Did you guys think that Google slow data to your ISP anyway unless you start paying their "special charges for high speed service?" No? Interesting.

          ISP should be afraid...ve
          • Yes because google is going to slow the rate of the information they FEED off of. you realize google wants faster internet so they can collect information faster right? your idea is ludicrous.

          • by Mystiq ( 101361 )

            Unless you're a Russian propaganda troll or congressional staffer shill, I know you're serious but that doesn't make your statements any less ludicrous. (And if you are, this is the wrong place to troll.)

            What the fuck does "can you imagine if google starts to slow traffic to your ISP?" even mean?

            It doesn't make technical sense that "Google could slow data to your ISP". Comcast offers no services to me if Comcast is not my ISP. If Comcast is my ISP, this means Google is making THEIR OWN servers slow, so usin

            • by unrtst ( 777550 )

              This has nothing to do with Google competing directly for in the ISP space. Just ignore google fiber for a bit. For that matter, ignore the mention of google - that probably wasn't the best example, though it's still a decent one (think youtube instead of google, which they also own).

              What GP is implying is that content providers *could* theoretically turn the tables on the ISP's. Instead of staying alive on advertising money and user subscriptions, New York Times could sell a "fast lane" to the ISP (ie. ISP

            • It doesn't make technical sense that "Google could slow data to your ISP". Comcast offers no services to me if Comcast is not my ISP. If Comcast is my ISP, this means Google is making THEIR OWN servers slow, so using Google is slow.

              Makes perfect sense to me. Google and a handful of other big content providers *IS* the "Internet" for all intents and purposes for too many.

              If Google is slow customers are guaranteed to blame and or bitch to their ISP regardless of technical merit or who is actually at fault. If Google ever had a big enough stake in the ISP market there may even be market incentive for them to try this. Right now obviously if they tried this they would only be hurting themselves.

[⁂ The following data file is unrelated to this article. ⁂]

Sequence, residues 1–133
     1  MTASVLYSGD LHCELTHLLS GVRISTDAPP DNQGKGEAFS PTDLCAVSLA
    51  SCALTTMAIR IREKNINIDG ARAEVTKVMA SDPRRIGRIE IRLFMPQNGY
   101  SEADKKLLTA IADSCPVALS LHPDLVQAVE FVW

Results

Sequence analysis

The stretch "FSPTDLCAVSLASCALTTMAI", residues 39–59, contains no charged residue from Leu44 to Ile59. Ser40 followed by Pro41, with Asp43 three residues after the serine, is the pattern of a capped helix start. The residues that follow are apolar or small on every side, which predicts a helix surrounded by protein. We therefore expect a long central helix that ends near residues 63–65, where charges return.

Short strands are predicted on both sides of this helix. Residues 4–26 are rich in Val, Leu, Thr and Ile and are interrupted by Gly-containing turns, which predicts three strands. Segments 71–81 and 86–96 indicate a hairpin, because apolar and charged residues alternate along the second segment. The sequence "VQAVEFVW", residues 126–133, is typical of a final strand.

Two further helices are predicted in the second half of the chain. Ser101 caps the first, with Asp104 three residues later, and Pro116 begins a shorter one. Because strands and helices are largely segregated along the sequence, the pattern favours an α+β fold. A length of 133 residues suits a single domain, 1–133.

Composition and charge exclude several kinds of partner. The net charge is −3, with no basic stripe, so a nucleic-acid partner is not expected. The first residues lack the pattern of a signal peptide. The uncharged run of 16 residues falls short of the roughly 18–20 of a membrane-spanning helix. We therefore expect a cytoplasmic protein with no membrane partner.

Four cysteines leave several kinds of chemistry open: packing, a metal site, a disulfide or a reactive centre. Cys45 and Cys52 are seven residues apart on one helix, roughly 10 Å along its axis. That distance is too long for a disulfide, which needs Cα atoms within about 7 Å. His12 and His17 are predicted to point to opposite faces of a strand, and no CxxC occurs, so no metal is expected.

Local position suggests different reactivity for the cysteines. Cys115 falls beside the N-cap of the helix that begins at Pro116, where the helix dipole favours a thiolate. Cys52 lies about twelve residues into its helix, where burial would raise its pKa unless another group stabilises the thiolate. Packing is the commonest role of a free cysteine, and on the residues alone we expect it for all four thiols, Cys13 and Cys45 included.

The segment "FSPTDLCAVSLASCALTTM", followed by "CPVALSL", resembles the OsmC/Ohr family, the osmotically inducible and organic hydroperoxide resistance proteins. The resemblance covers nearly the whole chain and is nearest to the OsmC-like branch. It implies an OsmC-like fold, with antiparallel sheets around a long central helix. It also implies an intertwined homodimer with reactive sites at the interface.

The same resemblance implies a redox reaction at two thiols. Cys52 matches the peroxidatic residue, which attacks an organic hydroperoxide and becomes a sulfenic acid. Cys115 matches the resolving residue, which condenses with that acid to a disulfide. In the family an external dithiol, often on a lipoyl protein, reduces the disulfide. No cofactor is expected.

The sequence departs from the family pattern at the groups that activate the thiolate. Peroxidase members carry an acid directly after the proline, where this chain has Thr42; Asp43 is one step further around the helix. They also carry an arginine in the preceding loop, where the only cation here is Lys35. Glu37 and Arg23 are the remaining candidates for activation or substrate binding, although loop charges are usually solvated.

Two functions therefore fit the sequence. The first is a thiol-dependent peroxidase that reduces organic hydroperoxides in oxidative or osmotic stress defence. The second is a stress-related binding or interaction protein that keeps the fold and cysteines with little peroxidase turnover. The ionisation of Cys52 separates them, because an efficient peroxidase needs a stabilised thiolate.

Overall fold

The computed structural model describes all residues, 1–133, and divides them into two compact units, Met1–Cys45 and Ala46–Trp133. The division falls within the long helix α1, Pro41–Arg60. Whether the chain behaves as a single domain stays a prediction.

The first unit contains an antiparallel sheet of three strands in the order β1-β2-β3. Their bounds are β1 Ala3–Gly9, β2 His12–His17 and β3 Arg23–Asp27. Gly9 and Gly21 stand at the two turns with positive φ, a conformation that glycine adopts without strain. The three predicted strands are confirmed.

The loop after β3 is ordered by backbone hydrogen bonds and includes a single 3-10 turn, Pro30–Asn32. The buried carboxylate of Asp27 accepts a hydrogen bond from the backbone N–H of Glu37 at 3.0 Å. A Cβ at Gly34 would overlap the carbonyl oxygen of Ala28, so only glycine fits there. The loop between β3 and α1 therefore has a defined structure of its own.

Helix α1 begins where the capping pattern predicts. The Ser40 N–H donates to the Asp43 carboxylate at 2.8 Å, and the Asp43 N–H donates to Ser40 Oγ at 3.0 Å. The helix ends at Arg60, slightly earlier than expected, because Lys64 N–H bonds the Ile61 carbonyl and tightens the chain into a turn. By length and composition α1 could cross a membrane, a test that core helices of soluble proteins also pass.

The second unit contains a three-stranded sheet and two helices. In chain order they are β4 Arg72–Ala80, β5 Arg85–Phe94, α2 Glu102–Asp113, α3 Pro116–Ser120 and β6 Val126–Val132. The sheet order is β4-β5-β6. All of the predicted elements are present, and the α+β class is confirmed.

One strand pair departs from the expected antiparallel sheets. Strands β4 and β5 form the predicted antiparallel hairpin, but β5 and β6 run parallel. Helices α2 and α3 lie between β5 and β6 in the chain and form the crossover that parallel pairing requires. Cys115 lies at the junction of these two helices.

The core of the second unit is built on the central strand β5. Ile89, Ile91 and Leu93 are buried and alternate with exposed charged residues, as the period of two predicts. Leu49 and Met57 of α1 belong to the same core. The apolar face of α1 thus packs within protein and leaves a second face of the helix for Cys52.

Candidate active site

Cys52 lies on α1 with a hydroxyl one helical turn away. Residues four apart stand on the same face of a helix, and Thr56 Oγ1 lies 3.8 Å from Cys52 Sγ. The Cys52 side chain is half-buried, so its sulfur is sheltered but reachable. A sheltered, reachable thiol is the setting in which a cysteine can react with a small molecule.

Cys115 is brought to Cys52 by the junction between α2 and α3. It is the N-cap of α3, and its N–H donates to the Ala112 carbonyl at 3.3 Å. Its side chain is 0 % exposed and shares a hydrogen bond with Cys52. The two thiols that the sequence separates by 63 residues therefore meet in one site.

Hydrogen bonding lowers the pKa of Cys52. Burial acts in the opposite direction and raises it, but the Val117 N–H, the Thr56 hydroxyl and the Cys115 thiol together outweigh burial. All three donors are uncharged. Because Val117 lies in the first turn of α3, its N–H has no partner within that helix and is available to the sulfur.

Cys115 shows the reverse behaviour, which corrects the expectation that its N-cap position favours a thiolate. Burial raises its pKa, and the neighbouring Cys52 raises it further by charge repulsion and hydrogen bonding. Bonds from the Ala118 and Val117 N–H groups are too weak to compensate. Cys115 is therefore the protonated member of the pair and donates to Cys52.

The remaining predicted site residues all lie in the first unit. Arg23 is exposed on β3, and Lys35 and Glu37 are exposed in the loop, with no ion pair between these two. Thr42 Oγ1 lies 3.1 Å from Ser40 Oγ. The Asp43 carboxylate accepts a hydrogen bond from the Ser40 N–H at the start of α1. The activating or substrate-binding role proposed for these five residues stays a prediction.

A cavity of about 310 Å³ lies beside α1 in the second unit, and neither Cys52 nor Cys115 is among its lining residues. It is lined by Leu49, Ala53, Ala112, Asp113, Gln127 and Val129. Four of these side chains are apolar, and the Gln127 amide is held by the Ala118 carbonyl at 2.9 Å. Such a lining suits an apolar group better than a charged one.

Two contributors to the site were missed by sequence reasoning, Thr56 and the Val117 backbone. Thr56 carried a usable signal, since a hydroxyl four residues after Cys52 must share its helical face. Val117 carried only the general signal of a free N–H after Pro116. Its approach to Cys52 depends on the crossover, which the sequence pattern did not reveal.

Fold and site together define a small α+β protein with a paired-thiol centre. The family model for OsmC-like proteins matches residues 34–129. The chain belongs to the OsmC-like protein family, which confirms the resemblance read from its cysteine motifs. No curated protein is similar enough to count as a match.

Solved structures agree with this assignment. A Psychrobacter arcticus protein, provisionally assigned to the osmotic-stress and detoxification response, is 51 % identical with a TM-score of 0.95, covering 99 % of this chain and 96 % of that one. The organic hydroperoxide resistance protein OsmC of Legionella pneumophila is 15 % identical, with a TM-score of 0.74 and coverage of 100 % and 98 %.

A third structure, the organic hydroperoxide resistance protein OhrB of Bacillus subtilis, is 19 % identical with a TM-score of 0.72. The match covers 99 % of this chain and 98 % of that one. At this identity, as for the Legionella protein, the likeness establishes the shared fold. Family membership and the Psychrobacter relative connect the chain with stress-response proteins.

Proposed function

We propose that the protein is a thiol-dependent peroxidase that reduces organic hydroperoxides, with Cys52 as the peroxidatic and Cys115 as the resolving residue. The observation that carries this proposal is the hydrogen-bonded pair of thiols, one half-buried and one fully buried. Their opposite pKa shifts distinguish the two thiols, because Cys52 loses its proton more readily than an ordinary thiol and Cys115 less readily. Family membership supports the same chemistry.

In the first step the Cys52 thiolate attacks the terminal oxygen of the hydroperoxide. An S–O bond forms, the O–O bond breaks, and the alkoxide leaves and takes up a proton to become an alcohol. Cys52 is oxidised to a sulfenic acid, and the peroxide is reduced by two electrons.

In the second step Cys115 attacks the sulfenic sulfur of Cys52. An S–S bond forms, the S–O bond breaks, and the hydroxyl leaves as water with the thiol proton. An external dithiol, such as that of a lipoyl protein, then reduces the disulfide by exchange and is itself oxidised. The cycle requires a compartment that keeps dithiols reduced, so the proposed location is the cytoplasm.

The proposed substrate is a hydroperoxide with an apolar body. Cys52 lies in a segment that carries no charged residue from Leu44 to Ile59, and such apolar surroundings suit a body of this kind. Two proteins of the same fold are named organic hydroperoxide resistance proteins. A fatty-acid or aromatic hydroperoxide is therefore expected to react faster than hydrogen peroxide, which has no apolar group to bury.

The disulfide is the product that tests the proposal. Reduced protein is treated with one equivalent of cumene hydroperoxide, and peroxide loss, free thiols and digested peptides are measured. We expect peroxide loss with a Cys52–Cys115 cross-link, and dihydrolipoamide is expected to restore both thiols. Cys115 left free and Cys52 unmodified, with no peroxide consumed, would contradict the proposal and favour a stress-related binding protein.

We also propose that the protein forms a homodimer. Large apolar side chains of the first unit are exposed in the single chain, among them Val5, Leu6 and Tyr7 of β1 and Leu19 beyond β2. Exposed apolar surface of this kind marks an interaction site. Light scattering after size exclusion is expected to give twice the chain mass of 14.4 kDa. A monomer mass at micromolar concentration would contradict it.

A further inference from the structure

What is most alarming to me is pace in ge

      • by rtb61 ( 674572 )

        It would prove Trump is an idiotic orange orangutan if he stupidly destroyed exactly what got him elected in the first place. Without net neutrality Trump would have been dead in the water, how much would any individual have to spend when their digital data could be put in the slow lane, enough to buy the company who purposefully put it in the slow law. As a cartels they can not silence content with net neutrality laws in place, else they would traffic they want to censor for what ever reason the slowing to

  • Won't somebody please think of those little mom and pop ISP that represent 95% of US telecommunications? So much regulations, it's so sad.

  • What utter shit (Score:2, Insightful)

    by Anonymous Coward

    Fucking republicans, wrecking the world and destroying western civilization, one bribe at a time.

    Sayonara America, it was nice while it lasted. (And yes, I know net neutrality is just one issue, and by no means the most important, but it is important, and in the broader context of what has happened these last 100 days or the America we knew and loved is dead, and the rotting corpse feeding the fat Republican billionaires club that Trump is figureheading).

  • This just in (Score:5, Interesting)

    by Moheeheeko ( 1682914 ) on Wednesday April 26, 2017 @05:32PM (#54308739)
    Cable company lobbyist who sleazed his way to the head of the FCC wants to make cable companies more money at the expense of consumers, more info at 11.
  • by kwiecmmm ( 1527631 ) on Wednesday April 26, 2017 @05:38PM (#54308771)

    Yeah everyone's Netflix, Amazon, Apple and/or other internet costs are going to go up. Because ISP's are going to force them to pay more for the same bandwidth.

    But this will somehow increase competition, because a lot more internet providers are about to come into your area. Because somehow this was holding them back...

    • I think it could be worse than paying more to keep your Netflix from being throttled. This opens the door to exclusive deals. We could end up with a split internet that requires the purchase of multiple providers to get all services.

      The opportunities provided are false because they are wasteful. For example, a market would open up for routers that connect to multiple providers and automatically send traffic to the best one for that traffic type. But that need is not a real one but one that is artificially c

      • by Anonymous Coward